PROPERTY FROM THE ESTATE OF MARK SAYERS
with a rectangular campan mélangé marble top of break-front outline, the front centered by a medallion depicting Louis XIV flanked by swags above a cupboard door, each side with four shallow drawers, raised on a plinth base with spirally fluted feet, signed Cremer Marqueteur twice to top and once to the back, and with an inventory number V8901.
Although the origin of the present model is arguably from André-Charles Boulle's workshop, made circa 1700, it is interesting to compare the Boulle revival period that occurred during the second half of the 19th century with the earliest Boulle revival period, that occured in the 1760's, as seen in the works of cabinetmakers such as Etienne Levasseur, Philippe-Claude Montigny and Adam Weisweiler, who incorporated late 17th/early 18th century Boulle marquetry panels into new pieces of furniture. A pair of cabinets that belonged to the 4th Marquess of Hertford and now at the Wallace Collection, were lent to the Musée rétrospectif de Paris in 1865 and it was certainly from such mid 19th century exhibitions that leading French cabinetmakers drew their interest in copying and transforming this model. Here unlike many 19th century copies of the 17th and 18th century model, the present cabinet is decorated with ebony veneers solely. 18th century models can be seen at the Louvre in Paris, the Wallace Collection and the Victoria and Albert Museum in London, and The Metropolitain Museum and the Frick Collection in New York.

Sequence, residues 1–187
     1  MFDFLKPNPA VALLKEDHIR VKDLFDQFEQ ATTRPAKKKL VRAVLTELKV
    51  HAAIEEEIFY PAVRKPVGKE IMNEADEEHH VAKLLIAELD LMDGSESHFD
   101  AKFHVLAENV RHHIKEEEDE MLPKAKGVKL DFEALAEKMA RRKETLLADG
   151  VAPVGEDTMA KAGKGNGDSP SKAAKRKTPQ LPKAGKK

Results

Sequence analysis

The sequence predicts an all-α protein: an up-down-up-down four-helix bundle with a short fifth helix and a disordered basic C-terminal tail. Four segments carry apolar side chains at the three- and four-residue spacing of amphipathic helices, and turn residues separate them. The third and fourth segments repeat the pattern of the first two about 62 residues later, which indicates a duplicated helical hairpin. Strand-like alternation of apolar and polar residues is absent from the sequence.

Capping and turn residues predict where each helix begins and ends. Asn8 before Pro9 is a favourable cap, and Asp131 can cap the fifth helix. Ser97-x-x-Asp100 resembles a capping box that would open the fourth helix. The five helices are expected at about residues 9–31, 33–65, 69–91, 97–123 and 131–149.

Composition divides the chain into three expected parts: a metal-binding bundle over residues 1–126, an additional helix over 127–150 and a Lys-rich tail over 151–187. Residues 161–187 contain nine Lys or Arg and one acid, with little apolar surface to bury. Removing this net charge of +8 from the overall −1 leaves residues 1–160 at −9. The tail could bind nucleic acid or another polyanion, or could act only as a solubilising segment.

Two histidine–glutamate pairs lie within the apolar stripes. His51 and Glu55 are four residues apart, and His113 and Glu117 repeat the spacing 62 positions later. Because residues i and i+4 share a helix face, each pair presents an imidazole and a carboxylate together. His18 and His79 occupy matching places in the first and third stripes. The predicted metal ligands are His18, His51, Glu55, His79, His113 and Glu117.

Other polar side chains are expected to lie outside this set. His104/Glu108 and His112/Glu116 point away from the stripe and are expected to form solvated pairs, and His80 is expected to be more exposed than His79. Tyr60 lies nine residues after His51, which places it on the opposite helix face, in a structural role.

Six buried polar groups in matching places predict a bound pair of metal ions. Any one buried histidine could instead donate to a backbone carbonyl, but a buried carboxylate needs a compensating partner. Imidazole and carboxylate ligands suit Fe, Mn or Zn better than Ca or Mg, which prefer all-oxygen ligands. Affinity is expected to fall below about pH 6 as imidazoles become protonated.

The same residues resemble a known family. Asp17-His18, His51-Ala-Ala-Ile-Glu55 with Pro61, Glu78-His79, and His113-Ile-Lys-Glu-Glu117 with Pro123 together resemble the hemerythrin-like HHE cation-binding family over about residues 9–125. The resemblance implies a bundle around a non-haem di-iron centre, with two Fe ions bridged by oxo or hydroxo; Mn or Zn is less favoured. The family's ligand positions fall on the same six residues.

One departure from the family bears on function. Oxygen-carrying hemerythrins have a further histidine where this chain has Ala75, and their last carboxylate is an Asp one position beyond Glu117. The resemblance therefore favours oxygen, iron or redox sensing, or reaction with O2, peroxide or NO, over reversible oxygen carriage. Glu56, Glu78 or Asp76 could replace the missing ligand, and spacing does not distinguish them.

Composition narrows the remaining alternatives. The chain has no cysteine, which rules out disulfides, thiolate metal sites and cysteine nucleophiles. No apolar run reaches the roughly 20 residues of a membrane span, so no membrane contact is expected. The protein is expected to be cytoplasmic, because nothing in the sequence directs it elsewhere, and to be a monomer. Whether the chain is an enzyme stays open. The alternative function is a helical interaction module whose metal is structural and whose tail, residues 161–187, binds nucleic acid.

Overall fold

Joseph Cremer was one of the most renowned marqueteurs of the mid-nineteenth century in France. He supplied furniture to Louis-Philippe and the King of Holland. Cremer exhibited at major exhibitions, winning medals in 1839, 1844, 1849 and 1852. At the 1855 Paris Exposition Universelle he was described by the Jury as "un maître."
Please call 1-800-555-5555 to order a print catalog for this sale.
Online Registration to Bid is Closed for this Sale. Would you like to watch the live sale?Watch Live Sale